US6098711 *18 Ago 19988 Ago 2000Halliburton Energy Services, Inc.Compositions and methods for sealing pipe in well bores
US6124246 *17 Nov 199726 Sep 2000Halliburton Energy Services, Inc.High temperature epoxy resin compositions, additives and methods
US62316648 Mar 200015 May 2001Halliburton Energy Services, Inc.Well sealing compositions and methods
US623425122 Feb 199922 May 2001Halliburton Energy Services, Inc.Resilient well cement compositions and methods
US62443449 Feb 199912 Jun 2001Halliburton Energy Services, Inc.Methods and compositions for cementing pipe strings in well bores
US62711814 Feb 19997 Ago 2001Halliburton Energy Services, Inc.Sealing subterranean zones
US627965223 Sep 199828 Ago 2001Halliburton Energy Services, Inc.Heat insulation compositions and methods
US632184121 Feb 200127 Nov 2001Halliburton Energy Services, Inc.Methods of sealing pipe strings in disposal wells
US63281062 Nov 200011 Dic 2001Halliburton Energy Services, Inc.Sealing subterranean zones
US633091723 Ene 200118 Dic 2001Halliburton Energy Services, Inc.Resilient well cement compositions and methods
US635030913 Feb 200126 Feb 2002Halliburton Energy Services, Inc.Methods and compositions for cementing pipe strings in well bores
US637267818 Sep 200116 Abr 2002Fairmount Minerals, LtdProppant composition for gas and oil well fracturing
US640181730 Ago 200111 Jun 2002Halliburton Energy Services, Inc.Sealing subterranean zones
US644820630 Ago 200110 Sep 2002Halliburton Energy Services, Inc.Sealing subterranean zones
US645400628 Mar 200024 Sep 2002Halliburton Energy Services, Inc.Methods and associated apparatus for drilling and completing a wellbore junction
US65281572 May 19964 Mar 2003Borden Chemical, Inc.Proppants with fiber reinforced resin coatings
US65555077 May 200129 Abr 2003Halliburton Energy Services, Inc.Sealing subterranean zones
US65828191 Feb 200124 Jun 2003Borden Chemical, Inc.Low density composite proppant, filtration media, gravel packing media, and sports field media, and methods for making and using same
US65934026 Feb 200115 Jul 2003Halliburton Energy Services, Inc.Resilient well cement compositions and methods
US663252730 Nov 199914 Oct 2003Borden Chemical, Inc.Composite proppant, composite filtration media and methods for making and using same
US678628319 Sep 20027 Sep 2004Halliburton Energy Services, Inc.Methods and associated apparatus for drilling and completing a wellbore junction
US68878345 Sep 20023 May 2005Halliburton Energy Services, Inc.Methods and compositions for consolidating proppant in subterranean fractures
US69622004 Abr 20038 Nov 2005Halliburton Energy Services, Inc.Methods and compositions for consolidating proppant in subterranean fractures
US697883623 May 200327 Dic 2005Halliburton Energy Services, Inc.Methods for controlling water and particulate production
US69972595 Sep 200314 Feb 2006Halliburton Energy Services, Inc.Methods for forming a permeable and stable mass in a subterranean formation
US701397625 Jun 200321 Mar 2006Halliburton Energy Services, Inc.Compositions and methods for consolidating unconsolidated subterranean formations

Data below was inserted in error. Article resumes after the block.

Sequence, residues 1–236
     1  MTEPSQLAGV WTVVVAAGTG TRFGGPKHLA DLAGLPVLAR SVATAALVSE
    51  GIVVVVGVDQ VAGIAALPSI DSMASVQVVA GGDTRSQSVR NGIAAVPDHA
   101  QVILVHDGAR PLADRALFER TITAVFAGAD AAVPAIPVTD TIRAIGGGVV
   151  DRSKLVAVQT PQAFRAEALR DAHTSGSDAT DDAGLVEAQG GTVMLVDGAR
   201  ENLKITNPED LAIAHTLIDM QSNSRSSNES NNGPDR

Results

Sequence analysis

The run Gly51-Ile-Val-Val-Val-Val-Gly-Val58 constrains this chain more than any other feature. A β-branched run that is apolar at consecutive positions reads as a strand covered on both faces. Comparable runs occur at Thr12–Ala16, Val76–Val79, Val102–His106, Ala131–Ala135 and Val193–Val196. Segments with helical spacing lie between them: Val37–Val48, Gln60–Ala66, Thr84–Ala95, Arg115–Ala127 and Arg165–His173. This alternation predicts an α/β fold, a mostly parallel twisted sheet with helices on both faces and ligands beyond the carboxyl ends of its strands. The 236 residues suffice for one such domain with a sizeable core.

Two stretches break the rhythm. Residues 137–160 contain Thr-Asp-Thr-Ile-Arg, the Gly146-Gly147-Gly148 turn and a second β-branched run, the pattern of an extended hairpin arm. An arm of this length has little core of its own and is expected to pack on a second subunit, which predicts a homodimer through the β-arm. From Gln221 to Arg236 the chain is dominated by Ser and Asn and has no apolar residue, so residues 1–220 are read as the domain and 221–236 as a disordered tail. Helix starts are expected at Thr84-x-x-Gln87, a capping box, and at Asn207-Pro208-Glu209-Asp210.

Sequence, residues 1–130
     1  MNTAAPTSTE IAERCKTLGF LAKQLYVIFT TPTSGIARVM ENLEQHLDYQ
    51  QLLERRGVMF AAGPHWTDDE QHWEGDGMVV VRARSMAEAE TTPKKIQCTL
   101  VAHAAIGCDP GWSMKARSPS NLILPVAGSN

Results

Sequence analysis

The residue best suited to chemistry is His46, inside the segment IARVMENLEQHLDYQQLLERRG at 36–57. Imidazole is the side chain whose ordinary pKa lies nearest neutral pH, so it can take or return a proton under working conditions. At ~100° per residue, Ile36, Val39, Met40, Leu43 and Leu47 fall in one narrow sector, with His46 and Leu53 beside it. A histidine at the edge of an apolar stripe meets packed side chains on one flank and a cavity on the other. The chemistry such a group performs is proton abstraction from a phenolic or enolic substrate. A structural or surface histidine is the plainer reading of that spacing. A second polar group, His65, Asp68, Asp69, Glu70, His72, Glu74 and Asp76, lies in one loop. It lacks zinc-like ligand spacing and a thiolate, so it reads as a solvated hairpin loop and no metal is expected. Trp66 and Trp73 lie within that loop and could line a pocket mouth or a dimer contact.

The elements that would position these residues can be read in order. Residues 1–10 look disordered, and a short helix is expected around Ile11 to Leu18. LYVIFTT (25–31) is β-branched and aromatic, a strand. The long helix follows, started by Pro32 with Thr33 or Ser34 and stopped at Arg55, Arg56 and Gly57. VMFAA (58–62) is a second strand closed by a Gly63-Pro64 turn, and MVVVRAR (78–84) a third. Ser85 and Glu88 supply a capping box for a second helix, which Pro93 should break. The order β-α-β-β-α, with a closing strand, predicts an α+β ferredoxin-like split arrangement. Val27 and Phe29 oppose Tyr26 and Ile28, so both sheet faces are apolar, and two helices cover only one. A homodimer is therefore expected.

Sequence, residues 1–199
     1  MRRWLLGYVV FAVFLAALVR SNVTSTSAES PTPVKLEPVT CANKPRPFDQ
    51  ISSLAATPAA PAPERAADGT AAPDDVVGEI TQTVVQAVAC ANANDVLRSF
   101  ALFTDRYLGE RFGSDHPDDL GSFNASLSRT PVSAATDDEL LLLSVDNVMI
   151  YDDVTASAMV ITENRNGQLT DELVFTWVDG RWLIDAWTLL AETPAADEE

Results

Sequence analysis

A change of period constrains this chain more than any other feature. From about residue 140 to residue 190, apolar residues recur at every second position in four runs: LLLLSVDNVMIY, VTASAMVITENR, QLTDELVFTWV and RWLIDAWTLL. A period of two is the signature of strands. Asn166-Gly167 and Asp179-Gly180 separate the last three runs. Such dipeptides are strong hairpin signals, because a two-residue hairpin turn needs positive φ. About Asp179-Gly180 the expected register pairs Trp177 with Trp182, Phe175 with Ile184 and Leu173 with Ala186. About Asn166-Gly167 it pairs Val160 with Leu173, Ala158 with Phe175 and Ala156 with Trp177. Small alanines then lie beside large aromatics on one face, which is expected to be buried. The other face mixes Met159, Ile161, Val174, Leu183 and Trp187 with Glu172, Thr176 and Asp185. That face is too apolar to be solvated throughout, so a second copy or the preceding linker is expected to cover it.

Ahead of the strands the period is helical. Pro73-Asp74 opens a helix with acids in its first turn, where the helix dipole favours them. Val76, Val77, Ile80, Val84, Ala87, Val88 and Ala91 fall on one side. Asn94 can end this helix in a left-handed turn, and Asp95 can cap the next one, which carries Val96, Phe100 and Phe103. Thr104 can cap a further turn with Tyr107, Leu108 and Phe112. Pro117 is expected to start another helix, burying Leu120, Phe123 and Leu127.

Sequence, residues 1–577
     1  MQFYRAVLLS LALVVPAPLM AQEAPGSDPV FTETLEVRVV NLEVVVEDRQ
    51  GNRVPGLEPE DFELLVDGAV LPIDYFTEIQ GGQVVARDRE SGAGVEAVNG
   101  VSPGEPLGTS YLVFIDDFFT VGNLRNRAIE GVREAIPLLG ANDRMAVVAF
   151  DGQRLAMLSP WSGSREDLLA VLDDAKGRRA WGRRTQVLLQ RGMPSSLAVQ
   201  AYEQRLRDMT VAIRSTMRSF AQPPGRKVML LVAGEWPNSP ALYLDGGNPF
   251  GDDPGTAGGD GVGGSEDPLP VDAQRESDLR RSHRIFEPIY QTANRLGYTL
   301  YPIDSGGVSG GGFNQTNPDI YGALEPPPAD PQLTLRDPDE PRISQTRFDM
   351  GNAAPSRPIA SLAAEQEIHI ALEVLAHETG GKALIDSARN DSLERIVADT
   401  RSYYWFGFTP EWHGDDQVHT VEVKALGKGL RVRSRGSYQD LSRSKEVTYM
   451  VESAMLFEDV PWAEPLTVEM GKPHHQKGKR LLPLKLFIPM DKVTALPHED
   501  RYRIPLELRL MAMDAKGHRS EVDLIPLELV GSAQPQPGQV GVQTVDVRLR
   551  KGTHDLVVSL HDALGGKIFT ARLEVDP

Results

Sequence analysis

US701766526 Ago 200328 Mar 2006Halliburton Energy Services, Inc.Strengthening near well bore subterranean formations
US702137711 Sep 20034 Abr 2006Halliburton Energy Services, Inc.Methods of removing filter cake from well producing zones
US70213797 Jul 20034 Abr 2006Halliburton Energy Services, Inc.Methods and compositions for enhancing consolidation strength of proppant in subterranean fractures
US702877416 Ago 200518 Abr 2006Halliburton Energy Services, Inc.Methods for controlling water and particulate production
US703266327 Jun 200325 Abr 2006Halliburton Energy Services, Inc.Permeable cement and sand control methods utilizing permeable cement in subterranean well bores
US703266710 Sep 200325 Abr 2006Halliburtonn Energy Services, Inc.Methods for enhancing the consolidation strength of resin coated particulates
US703658727 Jun 20032 May 2006Halliburton Energy Services, Inc.Methods of diverting treating fluids in subterranean zones and degradable diverting materials
US7036589 *14 Ago 20032 May 2006Halliburton Energy Services, Inc.Methods for fracturing stimulation
US704422027 Jun 200316 May 2006Halliburton Energy Services, Inc.Compositions and methods for improving proppant pack permeability and fracture conductivity in a subterranean well
US704422427 Jun 200316 May 2006Halliburton Energy Services, Inc.Permeable cement and methods of fracturing utilizing permeable cement in subterranean well bores
US705940626 Ago 200313 Jun 2006Halliburton Energy Services, Inc.Production-enhancing completion methods
US706315025 Nov 200320 Jun 2006Halliburton Energy Services, Inc.Methods for preparing slurries of coated particulates
US70631515 Mar 200420 Jun 2006Halliburton Energy Services, Inc.Methods of preparing and using coated particulates
US70662588 Jul 200327 Jun 2006Halliburton Energy Services, Inc.Reduced-density proppants and methods of using reduced-density proppants to enhance their transport in well bores and fractures